A tall, well-groomed man stands up, grabs two cameras and slings his backpack around one shoulder. He leaves his hotel room and goes to work. His work is photographing the killed, or not quite killed, the grieving, the impoverished, the under-privileged. This man is James Nachtwey, a self-declared war photographer for a career of around 20 years.
This close, very sensitively and in great detail directed documentary by Swiss director Christian Frei allows us a glimpse into the work of a man, whose pictures we either immediately recognise, or silently absorb. It is a glimpse, nothing more. It tells us something about the person James Nachtwey, but is mostly concerned with his work. The film seems fully in line with Nachtwey’s own mantra: don’t look at me, look at those people suffering from injustice, caused by the decisions made by others sitting in comfort, it is them who need your attention and awareness. And your speaking out for peace.
I cannot imagine a quieter and yet stronger struggle for peace. At the end, the man is so remarkable, but mostly defined by the photos he has taken, and the way how they were taken, their purpose and the tragic bond between the person behind and in front of the camera. And trying to be defined by people who somehow feel they have somehow something to say about him, although in the end nobody can; some self-important German editors, who despite their respectful comments, but with their intellectualising seem sadly detached and arrogant from the true world Nachtwey has captured; the superficial American CNN woman, who despite being the head of CNN’s foreign affairs only realises years into her career, that the style of reporting is impacting the actual report itself. You will find much more when not listening to the people, but simply watching; watching the photos and the film.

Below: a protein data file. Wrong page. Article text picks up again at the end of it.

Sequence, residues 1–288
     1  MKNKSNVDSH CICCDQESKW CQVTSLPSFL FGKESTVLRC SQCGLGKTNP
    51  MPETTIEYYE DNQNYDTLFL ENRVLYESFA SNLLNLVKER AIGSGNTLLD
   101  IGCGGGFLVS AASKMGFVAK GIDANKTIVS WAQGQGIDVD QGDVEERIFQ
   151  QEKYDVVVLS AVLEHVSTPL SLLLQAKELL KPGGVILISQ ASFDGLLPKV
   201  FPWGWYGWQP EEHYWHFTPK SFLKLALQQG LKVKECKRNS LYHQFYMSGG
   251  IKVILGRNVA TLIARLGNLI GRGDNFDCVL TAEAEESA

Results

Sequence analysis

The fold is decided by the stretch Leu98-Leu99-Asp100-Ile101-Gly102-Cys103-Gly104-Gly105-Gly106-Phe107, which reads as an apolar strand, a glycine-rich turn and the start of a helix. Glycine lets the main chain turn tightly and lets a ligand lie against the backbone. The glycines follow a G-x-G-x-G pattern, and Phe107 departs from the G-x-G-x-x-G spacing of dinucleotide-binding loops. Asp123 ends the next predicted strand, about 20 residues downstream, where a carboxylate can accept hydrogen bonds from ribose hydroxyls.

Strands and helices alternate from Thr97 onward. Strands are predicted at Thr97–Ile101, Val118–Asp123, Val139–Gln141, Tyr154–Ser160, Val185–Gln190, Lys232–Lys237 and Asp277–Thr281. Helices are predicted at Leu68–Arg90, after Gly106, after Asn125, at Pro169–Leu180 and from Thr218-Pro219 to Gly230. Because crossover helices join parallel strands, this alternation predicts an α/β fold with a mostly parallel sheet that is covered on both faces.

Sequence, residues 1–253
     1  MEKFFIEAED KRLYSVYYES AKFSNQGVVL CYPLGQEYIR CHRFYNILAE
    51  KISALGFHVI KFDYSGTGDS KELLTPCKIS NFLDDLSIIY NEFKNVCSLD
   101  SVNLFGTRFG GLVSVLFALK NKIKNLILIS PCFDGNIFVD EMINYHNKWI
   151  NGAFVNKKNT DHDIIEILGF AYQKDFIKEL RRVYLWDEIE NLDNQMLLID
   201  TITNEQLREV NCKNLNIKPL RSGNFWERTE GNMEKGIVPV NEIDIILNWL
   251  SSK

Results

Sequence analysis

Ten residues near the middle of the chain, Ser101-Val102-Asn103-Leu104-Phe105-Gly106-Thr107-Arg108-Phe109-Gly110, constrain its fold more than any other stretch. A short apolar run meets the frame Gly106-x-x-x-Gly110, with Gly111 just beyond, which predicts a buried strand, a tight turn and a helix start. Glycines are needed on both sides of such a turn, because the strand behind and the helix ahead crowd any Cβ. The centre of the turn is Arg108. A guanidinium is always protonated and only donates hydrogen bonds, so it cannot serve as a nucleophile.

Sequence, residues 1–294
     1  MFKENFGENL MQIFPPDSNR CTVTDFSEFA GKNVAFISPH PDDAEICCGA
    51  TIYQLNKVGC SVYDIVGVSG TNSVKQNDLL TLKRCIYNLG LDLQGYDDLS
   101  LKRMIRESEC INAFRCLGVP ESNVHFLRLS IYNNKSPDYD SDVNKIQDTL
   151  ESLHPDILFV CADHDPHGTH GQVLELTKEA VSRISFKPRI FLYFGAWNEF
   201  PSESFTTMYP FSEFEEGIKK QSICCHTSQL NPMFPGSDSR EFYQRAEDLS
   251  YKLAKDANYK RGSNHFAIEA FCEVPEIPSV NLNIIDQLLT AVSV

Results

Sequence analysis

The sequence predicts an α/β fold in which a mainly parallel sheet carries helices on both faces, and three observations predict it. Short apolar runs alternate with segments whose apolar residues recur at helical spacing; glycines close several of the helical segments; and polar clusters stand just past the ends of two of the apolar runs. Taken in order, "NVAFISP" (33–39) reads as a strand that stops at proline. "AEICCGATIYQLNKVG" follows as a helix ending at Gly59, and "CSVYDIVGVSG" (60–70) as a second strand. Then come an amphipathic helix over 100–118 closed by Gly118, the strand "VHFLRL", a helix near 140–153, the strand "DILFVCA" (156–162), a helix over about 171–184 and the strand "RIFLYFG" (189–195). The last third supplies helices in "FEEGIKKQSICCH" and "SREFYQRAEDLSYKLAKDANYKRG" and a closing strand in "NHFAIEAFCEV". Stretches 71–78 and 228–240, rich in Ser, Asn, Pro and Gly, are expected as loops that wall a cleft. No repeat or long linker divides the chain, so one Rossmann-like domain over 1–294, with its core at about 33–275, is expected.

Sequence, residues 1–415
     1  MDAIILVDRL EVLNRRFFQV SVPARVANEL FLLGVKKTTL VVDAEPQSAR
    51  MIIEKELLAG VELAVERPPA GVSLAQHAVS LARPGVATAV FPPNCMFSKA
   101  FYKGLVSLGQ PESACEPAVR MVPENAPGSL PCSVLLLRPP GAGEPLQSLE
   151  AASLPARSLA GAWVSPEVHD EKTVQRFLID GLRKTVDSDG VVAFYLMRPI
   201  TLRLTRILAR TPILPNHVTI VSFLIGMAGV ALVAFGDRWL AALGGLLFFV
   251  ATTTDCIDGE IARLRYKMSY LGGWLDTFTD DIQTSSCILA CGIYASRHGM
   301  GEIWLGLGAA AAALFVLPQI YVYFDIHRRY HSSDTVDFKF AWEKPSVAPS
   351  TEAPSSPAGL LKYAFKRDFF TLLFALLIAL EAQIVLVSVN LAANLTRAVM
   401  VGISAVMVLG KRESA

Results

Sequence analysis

With the audience’s obsession with celebrity, liefestyle and fashion, says Nachtwey, it has become more and more difficult to convince editors to run stories covering the misery in the shadows of this glamourous world. We believe it.
Anyone with even a remote interest in journalism, photography or an interest in the situation in the world at large should go and see this film. Nachtwey contemplates, that every person should once come to the places of crisis he travels to, to witness the cruelty and injustice. When they go back they will support peace from wherever they are. And while this of course isn’t practically possible, his photos and Frei’s film are as close as it is going to get to achieve this. War Photographer is still running at the Tokyo Photography Museum Hall in Ebisu Garden Place. Interview with Frei, statement from Nachtwey.